Schweinsteiger recently complained that not everybody on the bench in Poland and Ukraine appeared pleased when Germany scored.
And the midfielder felt that at his club side Bayern Munich there was a stronger sense of camaraderie.
In attempting to clarify the comments, Schweinsteiger said on Tuesday: "I don't want anything bad, I just want that we get better and that the very last cog turns as well so that we can win against the big nations.
"It was just the way I perceived things. It should not be anything negative or (seen as a) criticism of the national team.
"I just want us to get better and that we all sacrifice ourselves for a big, common goal."
Despite causing controversy in Germany, Schweinsteiger said he would not alter his remarks in hindsight.
"I stick to my opinion, but I have already discussed it with (general manager) Oliver Bierhoff and the national team coach," he added.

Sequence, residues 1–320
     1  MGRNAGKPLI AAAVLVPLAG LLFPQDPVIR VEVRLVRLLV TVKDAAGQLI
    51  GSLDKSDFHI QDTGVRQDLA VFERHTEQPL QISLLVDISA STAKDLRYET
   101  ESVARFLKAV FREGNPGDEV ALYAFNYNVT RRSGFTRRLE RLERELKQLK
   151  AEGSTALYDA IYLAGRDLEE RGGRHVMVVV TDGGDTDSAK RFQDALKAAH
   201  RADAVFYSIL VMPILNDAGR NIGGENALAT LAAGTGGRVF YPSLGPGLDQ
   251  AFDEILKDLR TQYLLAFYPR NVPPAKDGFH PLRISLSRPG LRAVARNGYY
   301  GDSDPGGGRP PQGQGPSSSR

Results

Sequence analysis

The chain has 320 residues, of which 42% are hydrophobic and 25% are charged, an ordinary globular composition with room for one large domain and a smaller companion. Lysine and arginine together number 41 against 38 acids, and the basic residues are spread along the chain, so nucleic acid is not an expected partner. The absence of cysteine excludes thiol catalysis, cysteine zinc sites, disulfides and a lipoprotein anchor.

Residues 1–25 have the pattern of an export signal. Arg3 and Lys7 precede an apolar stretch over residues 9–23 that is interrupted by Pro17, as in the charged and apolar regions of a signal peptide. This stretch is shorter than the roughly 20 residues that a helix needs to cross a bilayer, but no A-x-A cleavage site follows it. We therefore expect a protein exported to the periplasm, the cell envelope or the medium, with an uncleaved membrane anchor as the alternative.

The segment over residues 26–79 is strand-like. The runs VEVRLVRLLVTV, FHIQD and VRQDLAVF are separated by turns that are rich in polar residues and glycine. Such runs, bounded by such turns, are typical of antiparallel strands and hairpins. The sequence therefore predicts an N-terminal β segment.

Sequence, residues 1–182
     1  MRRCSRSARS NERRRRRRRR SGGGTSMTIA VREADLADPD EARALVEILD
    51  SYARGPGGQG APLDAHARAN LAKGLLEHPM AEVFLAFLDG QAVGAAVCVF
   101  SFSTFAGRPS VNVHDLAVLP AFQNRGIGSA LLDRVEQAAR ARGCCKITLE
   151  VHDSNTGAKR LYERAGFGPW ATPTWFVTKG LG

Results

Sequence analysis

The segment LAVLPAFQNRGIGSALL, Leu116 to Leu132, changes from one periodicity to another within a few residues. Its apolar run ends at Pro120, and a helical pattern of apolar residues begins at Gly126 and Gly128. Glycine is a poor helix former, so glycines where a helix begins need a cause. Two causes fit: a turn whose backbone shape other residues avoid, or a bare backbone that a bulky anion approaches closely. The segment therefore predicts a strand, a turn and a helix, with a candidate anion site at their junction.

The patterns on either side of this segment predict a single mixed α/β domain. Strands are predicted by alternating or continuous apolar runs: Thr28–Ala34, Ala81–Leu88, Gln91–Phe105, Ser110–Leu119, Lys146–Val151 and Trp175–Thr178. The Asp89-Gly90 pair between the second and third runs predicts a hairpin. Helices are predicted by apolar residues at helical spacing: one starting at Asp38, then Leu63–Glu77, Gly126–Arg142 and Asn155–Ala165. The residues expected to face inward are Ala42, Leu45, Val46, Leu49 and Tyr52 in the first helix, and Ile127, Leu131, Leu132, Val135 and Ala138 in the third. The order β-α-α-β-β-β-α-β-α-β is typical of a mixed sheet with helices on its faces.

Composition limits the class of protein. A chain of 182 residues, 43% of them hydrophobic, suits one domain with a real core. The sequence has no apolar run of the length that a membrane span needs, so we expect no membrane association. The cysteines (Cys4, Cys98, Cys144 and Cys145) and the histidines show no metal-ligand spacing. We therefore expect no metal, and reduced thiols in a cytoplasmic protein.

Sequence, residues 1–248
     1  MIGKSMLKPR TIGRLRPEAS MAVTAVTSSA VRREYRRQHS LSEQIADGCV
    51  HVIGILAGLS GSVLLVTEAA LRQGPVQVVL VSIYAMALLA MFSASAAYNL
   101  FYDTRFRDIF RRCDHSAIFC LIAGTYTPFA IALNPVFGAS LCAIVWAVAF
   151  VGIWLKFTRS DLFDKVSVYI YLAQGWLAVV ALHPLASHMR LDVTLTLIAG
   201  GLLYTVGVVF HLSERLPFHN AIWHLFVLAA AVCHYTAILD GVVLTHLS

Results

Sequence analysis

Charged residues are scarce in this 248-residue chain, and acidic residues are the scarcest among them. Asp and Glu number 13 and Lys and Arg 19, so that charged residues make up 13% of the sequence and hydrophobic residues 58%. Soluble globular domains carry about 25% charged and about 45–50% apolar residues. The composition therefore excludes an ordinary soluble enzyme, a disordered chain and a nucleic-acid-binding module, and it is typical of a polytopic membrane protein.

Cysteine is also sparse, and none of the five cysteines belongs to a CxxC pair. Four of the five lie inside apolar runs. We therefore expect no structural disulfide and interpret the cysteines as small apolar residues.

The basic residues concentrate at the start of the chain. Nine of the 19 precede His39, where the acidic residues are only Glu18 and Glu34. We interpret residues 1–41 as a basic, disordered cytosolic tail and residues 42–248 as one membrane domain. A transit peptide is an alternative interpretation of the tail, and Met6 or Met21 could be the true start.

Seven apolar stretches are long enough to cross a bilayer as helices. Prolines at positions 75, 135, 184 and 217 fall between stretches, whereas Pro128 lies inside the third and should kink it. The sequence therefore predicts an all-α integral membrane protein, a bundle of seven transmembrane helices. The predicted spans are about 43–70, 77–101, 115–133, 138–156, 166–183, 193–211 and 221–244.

"There is not really much else to say - I am surprised with the attention it received. There are more important things."
The next game is with the Republic of Ireland on Friday night when Germany will be looking to continue their perfect start to World Cup qualification in Dublin after back-to-back wins over the Faroe Islands and Austria.
"It is always something really special to play in Ireland," said Schweinsteiger, turning his focus to the matter in hand.
"I have already had the pleasure of playing in Ireland. It is not easy to win there because the Irish are very strong and combative, they wear their hearts on their sleeves and have an experienced coach.
"In addition, they have a passionate crowd - the atmosphere there is always fantastic."
Schweinsteiger should return to the Germany side after being rested a month ago.
"I am grateful to the coach that I was given the time to get completely fit," he added.
"I feel fit now, which is why things are going well for me at the moment, and I hope things carry on this way."